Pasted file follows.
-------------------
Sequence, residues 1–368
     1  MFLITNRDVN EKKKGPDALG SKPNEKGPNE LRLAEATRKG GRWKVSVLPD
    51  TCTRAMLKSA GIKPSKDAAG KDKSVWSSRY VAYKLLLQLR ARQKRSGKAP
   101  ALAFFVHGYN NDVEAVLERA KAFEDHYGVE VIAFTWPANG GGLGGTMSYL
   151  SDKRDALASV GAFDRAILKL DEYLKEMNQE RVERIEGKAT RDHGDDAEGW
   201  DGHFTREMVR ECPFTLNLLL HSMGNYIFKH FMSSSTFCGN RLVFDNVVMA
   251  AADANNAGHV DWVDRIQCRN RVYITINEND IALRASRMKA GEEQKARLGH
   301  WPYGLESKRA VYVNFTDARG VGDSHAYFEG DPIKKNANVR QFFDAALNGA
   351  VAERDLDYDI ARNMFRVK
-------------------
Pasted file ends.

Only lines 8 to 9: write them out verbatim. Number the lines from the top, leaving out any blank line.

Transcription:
   301  WPYGLESKRA VYVNFTDARG VGDSHAYFEG DPIKKNANVR QFFDAALNGA
   351  VAERDLDYDI ARNMFRVK